On your way to San Felipe, Baja, Mexico
you'll see a group of uniformed men standing under a canopy
near the Ensenada turnoff. Don't be alarmed. These are
the Federalistas whose job is to prevent the dissemination
of drugs, arms and ammunition. These soldiers are very
young, but they are well-trained, polite and know their
jobs. Your vehicle is required to stop at this checkpoint
and you will be questioned. They'll want to know where
you are from and where you are going. You may be asked
to open the trunk, glovebox, suitcases, etc. The search
is usually perfunctory and painless.
north of San Felipe
The troops at these search stations are
disciplined and tolerant. They have to be. They're stuck
in the desert forty miles from the nearest town, with
no refrigeration or air conditioning. They usually sleep
in tents and have no social interaction except among themselves.
Their posting is for a three month duration and then they
are moved to another checkpoint for three months. Then
Because of the heat, the routine and the
unchanging society, the soldiers are quite open to outside
communication, especially if it presents a face of humor.
Feel free to practice your Spanish on them. Be personable.
They won't bite. Just don't joke about guns, ammo or drugs.
The checkpoints on either side of San Felipe
aren't going to win any design awards. They are simple,
functional roadblocks with shade canopies, tents, perhaps
a shack or two, an observation tower and banks of sandbags
that look like they might marginally impede the death
threat of a runaway Honda Civic, but not much more. At
night you may see a lane bordered by flickering flames.
This is the low-budget lighting designed to help you navigate
the checkstop and keep cars away from their kneecaps.
truck search in progress.
For anyone who entertains the idea of running
a military checkpoint, there is a board of nails hidden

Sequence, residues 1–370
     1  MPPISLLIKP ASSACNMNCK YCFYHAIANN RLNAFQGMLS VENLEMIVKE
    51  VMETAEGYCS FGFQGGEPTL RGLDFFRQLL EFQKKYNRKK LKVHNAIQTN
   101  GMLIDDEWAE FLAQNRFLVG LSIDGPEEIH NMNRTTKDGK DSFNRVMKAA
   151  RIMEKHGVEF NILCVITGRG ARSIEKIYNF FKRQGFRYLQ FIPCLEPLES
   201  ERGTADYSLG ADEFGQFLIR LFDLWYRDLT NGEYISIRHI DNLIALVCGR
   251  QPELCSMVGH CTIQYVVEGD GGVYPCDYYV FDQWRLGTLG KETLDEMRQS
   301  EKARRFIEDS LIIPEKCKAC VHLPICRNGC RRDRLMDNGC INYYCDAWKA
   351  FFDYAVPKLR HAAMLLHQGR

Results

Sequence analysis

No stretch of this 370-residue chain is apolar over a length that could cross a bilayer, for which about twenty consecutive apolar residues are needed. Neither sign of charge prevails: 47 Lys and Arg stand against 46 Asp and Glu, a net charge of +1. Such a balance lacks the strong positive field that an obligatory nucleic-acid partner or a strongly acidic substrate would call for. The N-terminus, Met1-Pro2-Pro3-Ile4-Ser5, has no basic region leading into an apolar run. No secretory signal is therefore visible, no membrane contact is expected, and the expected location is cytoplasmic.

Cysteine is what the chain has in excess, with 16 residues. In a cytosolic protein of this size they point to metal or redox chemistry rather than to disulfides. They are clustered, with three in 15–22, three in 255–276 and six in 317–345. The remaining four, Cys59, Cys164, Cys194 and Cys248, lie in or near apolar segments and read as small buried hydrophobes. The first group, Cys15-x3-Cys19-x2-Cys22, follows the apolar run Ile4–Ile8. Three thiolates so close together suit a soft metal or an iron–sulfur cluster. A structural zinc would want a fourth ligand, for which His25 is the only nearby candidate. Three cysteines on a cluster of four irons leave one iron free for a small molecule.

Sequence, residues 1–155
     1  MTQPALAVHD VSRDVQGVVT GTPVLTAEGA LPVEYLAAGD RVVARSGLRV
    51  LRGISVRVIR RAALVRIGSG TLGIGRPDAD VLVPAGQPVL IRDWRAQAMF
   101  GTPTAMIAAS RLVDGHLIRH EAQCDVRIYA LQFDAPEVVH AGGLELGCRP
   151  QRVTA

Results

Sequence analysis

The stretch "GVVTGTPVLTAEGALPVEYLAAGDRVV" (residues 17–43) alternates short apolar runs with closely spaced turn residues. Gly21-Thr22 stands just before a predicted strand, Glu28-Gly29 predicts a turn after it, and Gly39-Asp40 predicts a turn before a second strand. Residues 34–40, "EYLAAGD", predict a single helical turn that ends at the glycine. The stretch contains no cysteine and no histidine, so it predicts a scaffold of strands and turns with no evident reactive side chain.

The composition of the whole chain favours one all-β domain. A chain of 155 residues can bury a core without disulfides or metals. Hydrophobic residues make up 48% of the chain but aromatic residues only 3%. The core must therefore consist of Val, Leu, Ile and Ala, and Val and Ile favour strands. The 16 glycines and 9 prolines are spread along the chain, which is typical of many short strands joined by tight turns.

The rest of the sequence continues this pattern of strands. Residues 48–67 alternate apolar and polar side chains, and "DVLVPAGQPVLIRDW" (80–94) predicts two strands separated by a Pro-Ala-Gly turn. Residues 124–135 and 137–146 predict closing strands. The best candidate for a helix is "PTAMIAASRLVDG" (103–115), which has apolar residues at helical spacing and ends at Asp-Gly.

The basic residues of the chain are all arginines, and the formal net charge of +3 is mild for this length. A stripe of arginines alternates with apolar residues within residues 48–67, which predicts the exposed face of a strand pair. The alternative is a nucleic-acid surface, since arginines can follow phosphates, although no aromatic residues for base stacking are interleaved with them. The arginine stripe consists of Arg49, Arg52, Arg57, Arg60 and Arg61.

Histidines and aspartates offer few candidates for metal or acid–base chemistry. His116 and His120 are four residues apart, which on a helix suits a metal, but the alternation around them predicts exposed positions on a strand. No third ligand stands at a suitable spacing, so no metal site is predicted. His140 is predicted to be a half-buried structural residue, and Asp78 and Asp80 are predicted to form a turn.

behind a shrub or sandbag that unfurls a length of cord
across the highway where a guard is at the ready, presumably
with countless hours of rope-pulling training under his
belt. The spike-bristling board, sans recumbent fakir,
will skate out onto the highway at a moment's notice and
introduce its sharp arguments to the underside of your
fleeing wheels. So don't try it. It's a low-tech but effective
contingency. And of course if the vehicle still manages
to fobble away from this deterrent, there are machine
guns that'll convincingly finalize the debate.
If you find yourself at a checkpoint at
midday or during the afternoon and the outside temperature
makes the road look like you're inside an aquarium looking
out, it would be a nice gesture if you offered a chilled
soda to the soldier attending your vehicle. These guys
are a long way from a maltshop.
Traveling south from San Felipe will bring
you to another checkpoint just past the turnoff from the
airport road. Again, be polite and good-humored.
Military checkpoints serve the added purpose
of letting would-be highwaymen know there is law-enforcement
in the area. Roadside banditry is very rare around San
Felipe, probably due to that very reason.